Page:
Jumia investors are rethinking their stakes – for better and for worse
Baillie Giffordthe Edinburgh-based asset management company long known for having a penchant for pre-IPO tech companies, has cut its shares in African e-commerce giant Jumia, according to the latest Filing 13G/A issued by the asset manager.
According to the filing, Baillie Gifford disclosed ownership of 18.75 million shares of Jumia, representing 9.39% of the company. In Jumia’s previous filing from a year ago, the asset management company held 19.85 million shares, owning 10.06% of the company at the time. This represents a 5.50% decline in stocks and a 0.67% decline in ownership.
The Scottish asset management firm, well into its centenary years, was an early backer of well-regarded private and public tech companies such as Amazon, Google, Salesforce, Tesla, Airbnb, Spotify, Lyft , Palantir and SpaceX. He has also invested in deals in other geographies, including China’s Alibaba and NIO, and Africa-based internet companies Naspers and Jumia.
Baillie Gifford bought Jumia shares in 2019, three years after the e-commerce giant went public. The Scottish Mortgage Trust Company, which is the subsidiary of Jumia leading institutional investor, has sold and repurchased portions of its shares every January since then, with the recent move being its biggest stock drop to date. Baillie Gifford remains the largest shareholder of the e-commerce platform.
Last November, after several years of reporting losses, Jumia made some leadership changes after appointing Francis Dufay as interim CEO to replace co-founders Sacha Poignonnec and Jeremy Hodara, who resigned of their roles as co-CEOs. The move was accompanied by instant cuts in various product lines and layoffs, including the dismissal of a few executives from its Dubai office. All this to chase the profits that have eluded the company.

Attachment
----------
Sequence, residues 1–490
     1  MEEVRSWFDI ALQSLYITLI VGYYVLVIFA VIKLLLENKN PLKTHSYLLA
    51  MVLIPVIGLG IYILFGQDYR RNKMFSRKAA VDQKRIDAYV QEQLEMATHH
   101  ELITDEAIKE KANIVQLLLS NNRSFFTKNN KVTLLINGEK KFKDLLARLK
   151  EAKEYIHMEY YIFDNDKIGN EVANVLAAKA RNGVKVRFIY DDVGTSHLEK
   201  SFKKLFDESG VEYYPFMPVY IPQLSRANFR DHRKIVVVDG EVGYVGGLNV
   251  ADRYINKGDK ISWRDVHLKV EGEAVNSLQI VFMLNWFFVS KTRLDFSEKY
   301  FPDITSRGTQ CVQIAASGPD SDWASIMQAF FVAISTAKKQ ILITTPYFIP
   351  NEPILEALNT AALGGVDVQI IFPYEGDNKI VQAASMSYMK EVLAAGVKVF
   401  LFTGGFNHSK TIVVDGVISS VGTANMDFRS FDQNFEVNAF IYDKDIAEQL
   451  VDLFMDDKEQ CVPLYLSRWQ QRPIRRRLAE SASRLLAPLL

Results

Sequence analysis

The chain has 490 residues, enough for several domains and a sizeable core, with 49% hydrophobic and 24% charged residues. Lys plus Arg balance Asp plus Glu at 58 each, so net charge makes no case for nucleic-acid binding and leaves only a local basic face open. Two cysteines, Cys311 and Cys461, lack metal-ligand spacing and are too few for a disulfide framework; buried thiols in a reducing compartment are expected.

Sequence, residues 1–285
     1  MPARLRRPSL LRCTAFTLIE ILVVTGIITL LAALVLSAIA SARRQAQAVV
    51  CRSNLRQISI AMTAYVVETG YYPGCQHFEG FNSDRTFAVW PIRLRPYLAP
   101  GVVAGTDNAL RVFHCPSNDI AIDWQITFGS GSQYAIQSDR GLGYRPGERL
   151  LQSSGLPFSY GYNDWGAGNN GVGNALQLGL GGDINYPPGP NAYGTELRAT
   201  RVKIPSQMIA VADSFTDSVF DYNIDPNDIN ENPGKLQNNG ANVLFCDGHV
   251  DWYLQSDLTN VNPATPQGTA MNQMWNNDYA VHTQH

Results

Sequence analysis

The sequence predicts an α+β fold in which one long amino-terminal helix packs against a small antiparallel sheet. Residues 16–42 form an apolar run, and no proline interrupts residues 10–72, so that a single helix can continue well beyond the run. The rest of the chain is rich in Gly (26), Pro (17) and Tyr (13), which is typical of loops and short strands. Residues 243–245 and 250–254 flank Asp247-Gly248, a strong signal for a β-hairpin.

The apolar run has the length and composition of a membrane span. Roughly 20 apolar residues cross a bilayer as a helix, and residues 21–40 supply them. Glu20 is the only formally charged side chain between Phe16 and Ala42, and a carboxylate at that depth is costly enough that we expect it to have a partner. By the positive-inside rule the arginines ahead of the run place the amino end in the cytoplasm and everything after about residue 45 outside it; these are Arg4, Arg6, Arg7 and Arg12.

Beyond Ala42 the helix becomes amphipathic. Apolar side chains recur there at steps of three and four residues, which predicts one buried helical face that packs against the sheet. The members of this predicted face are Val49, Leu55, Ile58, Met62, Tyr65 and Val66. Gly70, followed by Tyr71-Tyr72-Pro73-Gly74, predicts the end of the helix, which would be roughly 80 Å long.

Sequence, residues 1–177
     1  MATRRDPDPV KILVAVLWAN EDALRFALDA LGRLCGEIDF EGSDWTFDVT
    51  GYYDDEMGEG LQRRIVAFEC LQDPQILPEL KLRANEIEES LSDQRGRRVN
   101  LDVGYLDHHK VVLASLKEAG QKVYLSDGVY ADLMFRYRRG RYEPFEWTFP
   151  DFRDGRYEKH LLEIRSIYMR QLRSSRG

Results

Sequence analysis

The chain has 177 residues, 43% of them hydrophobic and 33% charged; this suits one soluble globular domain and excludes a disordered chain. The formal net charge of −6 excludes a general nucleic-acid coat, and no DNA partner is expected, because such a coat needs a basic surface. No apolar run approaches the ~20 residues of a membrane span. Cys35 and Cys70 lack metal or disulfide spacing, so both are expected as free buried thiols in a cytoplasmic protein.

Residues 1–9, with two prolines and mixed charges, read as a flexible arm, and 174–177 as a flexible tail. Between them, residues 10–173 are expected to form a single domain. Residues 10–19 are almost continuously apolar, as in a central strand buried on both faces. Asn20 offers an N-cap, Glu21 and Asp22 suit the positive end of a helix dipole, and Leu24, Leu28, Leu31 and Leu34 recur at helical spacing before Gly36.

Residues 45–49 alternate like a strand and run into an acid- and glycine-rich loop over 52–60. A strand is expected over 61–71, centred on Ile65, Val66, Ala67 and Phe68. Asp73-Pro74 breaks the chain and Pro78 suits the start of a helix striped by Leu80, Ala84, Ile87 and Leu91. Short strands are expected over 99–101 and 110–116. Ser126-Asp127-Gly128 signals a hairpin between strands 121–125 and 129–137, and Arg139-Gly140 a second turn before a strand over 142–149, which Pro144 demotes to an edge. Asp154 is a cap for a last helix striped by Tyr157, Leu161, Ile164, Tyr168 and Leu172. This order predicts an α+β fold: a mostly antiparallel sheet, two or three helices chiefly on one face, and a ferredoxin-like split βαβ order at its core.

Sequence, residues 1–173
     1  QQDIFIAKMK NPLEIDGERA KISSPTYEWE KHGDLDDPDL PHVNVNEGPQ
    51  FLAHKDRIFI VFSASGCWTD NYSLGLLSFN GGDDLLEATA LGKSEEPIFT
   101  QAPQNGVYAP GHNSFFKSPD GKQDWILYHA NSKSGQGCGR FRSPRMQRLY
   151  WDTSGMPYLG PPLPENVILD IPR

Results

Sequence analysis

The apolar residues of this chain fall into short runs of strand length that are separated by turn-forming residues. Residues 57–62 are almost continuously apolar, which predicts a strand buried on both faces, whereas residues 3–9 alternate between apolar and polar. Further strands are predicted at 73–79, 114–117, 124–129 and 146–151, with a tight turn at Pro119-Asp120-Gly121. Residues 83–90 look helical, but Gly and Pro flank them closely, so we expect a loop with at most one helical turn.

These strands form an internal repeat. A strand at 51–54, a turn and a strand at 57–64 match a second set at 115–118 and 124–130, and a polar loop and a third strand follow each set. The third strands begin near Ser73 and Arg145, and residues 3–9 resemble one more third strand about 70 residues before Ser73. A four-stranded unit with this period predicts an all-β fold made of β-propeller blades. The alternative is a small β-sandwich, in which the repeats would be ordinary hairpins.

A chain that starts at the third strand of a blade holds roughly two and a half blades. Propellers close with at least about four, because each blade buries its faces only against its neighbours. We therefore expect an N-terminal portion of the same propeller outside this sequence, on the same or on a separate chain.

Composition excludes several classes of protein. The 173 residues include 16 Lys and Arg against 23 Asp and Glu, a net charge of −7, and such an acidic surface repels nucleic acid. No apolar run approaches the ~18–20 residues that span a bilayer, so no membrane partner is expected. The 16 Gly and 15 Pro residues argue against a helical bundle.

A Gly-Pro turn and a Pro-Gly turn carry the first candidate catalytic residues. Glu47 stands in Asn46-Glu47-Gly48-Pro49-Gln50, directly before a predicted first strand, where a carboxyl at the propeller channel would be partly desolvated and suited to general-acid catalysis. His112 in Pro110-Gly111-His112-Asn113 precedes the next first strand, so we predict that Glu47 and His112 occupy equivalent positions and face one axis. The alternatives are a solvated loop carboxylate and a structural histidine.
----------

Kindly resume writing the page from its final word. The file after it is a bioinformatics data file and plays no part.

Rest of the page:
In the third quarter of 2022, the African e-tailer made considerable progress by reducing its losses by 13%, from $52.5 million to $45.5 million, its lowest level in six quarters. Despite this progress, public confidence in e-commerce equipment appears to have declined. Jumia has seen its share price drop 51% in the past year and saw its stock drop to $3.88 per share after Wednesday’s news; it trades slightly above $4 with a market capitalization of $404 million. The online retailer closed the third quarter with a cash position of $284.7 million, including $104.3 million in cash and cash equivalents.
Baillie Gifford’s decision to sell some of his shares could be linked to Jumia’s performance on the stock market. On the other hand, it could be a way for the investment firm to pare the mounting losses it began to suffer last year, particularly around growth stocks, which have taken a heavy hit in the face. rising interest rates and fears of recession (last week the investment group admitted that 2022 was a “humbling year” after losing more than $14 billion on stakes in Tesla and Shopify, according to FinancialTimes). Still, that doesn’t explain why the fund group, with more than $230 billion in assets under management, has increased its position in other loss-making companies, such as Chinese electric vehicle maker NIO and Wix.com. , last week. Jumia’s upcoming earnings call next month should shed more light on the matter.
It’s not all bleak for Jumia, however, as other major shareholders including DE Shaw, Goldman Sachs and Bank of America have taken a different route and increased their shares in the company, holding 2, 21%, 1.27% and 1.40%, per Nasdaq.
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